Finding priorities


Everyday, while performing mundane tasks, such as doing the dishes, I open the YouTube App on my phone, and allow it it show me videos that it has learned to curate for me. For the most part, the app gets it right — US-based late-night political comedies and TED talks.

Today, this talk popped up in my feed: “How to gain control of your free time.” I had watched this video before, but because my hands were engaged (and because this is a great talk), I allowed the smartphone to remind me of how wasteful I have been of my time.

Time management expert Laura Vanderkam says that when people say they don’t have time for something, what they mean is, that it’s not their priority.

When something is a priority for us, we make time for it, no matter how busy our lives are.

I have experienced this first hand, several times. Including, as recently as, last month, when I got around to digitise my mother’s art, in time for her 60th birthday. My previous attempt was way back in 2015. And after four years, with enough motivation to drive me, I finally opened shop on Society6 (This announcement should, and will be, a separate post) .

Under virtual dust

At the end of last year, one of my regrets was not having maintained this blog much. Two posts in a year was a dismal number, considering that the previous year saw me celebrate my 300th post during the NaBloPoMo.

I have several unfinished drafts and ideas — some that are many years old, and some only in want of a ‘featured image’ to go live.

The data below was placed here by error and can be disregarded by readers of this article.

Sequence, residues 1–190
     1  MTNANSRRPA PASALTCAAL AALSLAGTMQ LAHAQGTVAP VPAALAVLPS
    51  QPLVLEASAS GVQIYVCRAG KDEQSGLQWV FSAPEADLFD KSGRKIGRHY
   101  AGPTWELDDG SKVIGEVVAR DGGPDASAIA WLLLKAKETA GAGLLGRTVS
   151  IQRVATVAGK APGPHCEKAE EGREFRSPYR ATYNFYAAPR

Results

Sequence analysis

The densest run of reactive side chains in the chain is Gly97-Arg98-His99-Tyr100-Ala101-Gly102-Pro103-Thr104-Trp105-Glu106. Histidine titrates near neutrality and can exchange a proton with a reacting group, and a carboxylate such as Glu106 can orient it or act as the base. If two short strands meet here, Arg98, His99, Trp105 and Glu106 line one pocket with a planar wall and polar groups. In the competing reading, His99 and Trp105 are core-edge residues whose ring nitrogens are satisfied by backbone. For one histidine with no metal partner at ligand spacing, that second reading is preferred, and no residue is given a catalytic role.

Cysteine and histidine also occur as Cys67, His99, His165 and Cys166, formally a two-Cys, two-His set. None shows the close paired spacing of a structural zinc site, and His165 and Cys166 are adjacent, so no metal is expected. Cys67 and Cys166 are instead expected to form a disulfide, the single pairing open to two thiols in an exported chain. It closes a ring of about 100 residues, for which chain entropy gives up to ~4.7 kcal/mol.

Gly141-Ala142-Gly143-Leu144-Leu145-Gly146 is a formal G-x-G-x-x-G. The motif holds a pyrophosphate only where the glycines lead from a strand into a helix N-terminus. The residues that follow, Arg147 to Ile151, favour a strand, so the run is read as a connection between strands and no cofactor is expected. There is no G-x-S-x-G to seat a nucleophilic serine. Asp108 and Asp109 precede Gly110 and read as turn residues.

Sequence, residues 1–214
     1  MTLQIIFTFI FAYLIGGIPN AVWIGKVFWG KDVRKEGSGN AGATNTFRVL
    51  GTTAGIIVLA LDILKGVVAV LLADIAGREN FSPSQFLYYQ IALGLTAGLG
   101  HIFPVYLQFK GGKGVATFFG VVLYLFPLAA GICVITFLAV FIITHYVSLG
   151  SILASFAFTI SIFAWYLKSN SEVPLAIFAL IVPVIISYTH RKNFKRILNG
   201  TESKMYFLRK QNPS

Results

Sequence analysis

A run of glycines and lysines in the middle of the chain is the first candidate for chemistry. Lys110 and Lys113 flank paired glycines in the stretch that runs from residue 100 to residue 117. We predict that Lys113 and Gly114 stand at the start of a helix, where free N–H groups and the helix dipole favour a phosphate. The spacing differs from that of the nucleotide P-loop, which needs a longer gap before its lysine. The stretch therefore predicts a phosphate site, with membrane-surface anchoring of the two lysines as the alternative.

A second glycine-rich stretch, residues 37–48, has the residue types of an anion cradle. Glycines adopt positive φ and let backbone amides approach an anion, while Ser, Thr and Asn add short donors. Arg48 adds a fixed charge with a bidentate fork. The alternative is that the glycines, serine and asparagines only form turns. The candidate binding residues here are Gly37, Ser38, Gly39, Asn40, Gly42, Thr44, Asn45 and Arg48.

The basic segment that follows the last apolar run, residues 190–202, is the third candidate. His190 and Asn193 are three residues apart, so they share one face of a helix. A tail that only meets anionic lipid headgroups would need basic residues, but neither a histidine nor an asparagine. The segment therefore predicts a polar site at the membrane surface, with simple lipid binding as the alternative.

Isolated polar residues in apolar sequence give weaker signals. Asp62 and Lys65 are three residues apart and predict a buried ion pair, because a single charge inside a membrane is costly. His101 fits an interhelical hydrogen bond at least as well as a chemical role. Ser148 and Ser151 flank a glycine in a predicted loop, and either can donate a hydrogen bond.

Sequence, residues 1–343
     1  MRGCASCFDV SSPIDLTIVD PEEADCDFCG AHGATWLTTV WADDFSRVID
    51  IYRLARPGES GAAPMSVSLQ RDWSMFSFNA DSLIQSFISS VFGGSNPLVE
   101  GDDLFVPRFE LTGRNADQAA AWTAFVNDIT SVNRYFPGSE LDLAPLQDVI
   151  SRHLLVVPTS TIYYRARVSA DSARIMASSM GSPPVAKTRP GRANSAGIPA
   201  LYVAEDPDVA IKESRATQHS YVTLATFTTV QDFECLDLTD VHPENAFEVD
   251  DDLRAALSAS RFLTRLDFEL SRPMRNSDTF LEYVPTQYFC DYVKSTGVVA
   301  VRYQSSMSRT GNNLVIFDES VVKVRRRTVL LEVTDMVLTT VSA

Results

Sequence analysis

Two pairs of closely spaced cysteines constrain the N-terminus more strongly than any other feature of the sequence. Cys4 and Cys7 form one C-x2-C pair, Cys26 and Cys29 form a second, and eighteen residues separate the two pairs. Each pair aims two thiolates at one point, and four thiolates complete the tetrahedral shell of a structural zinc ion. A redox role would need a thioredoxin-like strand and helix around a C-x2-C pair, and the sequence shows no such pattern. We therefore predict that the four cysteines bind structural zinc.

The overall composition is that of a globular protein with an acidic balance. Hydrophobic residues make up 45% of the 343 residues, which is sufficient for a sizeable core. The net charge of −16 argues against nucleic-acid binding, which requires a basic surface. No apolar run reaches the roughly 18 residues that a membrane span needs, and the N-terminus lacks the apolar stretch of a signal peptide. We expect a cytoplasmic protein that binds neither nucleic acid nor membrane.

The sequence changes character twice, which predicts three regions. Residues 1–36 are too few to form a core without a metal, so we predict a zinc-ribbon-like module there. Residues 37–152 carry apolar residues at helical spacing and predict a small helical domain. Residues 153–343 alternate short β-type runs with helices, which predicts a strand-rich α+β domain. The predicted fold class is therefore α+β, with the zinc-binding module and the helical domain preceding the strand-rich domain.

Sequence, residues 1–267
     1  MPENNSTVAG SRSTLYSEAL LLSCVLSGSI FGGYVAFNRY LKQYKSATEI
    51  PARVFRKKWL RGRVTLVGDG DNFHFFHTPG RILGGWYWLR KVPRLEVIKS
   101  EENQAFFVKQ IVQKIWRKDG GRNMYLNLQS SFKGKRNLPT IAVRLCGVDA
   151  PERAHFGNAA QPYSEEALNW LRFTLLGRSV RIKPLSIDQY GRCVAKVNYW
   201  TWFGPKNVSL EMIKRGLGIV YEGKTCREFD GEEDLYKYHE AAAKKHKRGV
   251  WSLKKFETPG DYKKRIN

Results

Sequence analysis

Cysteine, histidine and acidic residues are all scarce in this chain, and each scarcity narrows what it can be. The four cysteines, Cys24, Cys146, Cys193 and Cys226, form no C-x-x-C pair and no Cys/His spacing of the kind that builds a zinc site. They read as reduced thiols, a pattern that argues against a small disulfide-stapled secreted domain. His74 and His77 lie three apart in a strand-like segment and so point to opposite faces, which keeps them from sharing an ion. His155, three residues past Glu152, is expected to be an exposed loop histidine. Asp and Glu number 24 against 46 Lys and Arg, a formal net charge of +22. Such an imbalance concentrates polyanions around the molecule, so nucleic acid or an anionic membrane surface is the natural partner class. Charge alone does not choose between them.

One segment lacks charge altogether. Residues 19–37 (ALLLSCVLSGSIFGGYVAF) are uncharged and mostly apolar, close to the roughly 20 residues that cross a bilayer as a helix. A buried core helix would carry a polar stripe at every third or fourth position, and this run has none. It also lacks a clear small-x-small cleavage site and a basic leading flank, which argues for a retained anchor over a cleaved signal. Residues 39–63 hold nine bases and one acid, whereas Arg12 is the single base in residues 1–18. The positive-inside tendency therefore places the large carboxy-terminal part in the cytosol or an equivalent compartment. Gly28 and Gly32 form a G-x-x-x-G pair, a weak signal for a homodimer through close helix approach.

As this video reminds me, somewhat harshly, blogging isn’t my priority anymore. And that is an unhappy thought. Why did I stop doing that which I absolutely loved?

The answer: The decline in my writing on the blog has coincided with my use of Instagram.

Most of my blog posts go through multiple iterations, with me reading, and re-reading them, to make sure it is something worth reading. There is this burden of responsibility, to do justice to the reader’s time. On Instagram, however, there is lesser pressure to write.

I do realise that this pressure about ‘quality of writing’ is pretentious. Clearly, I blog for very selfish reasons.

Another reason, is the decline in community participation — or more appropriately, the narcissism factor. Back when WordPress had ‘featured posts’ on its homepage, and ran Weekly Photo Challenges, there seemed to be a greater incentive to post (read, greater likelihood of ‘likes’). Blogging was chance to discover, and be discovered. (The Discover tab on WordPress now is rather uninspiring)

I found Instagram to be more engaging. Words are less appealing than pictures. Those who couldn’t be bothered to read, are happy seeing pictures (and that includes me). Today, Instagram is what WordPress used to be — fun.

And so, since that NaBloPoMo in 2017, when I gingerly opened my Instagram account, writing has moved to another platform.

Finding a way back

Over the past two years there have been so many exciting things I should have written about here — in my safe space — but didn’t get around to. (I published on four different platforms, travelled to new places, let go of toxic relationships and put myself on a path to heal myself).

Most nights, I lay awake simply because there are so many ideas jumping in my head, waiting to explode (here’s why).

This, rather impulsive post, is my attempt at making a comeback to blogging. Will it succeed? Only time will tell.

The mocking mural


Have you ever felt like the universe is sending out messages to you? I ask because that’s what I’ve felt lately. Take for instance, this chain of events that have taken place over the past two days.

Yesterday, quite by accident, I came across a TED talk by Manoush Zomorodi, in which she explains the connection between boredom, or ‘spacing out’ and creativity. She conducted a challenge with her radio listeners, and asked them to switch off connectivity, and actually experience boredom. As she continued explaining, one of the things that struck to me was this:

Some of them (the people who took the challenge) told me that they didn’t recognize some of the emotions that they felt during challenge week, because, if you think about it, if you have never known life without connectivity, you may never have experienced boredom.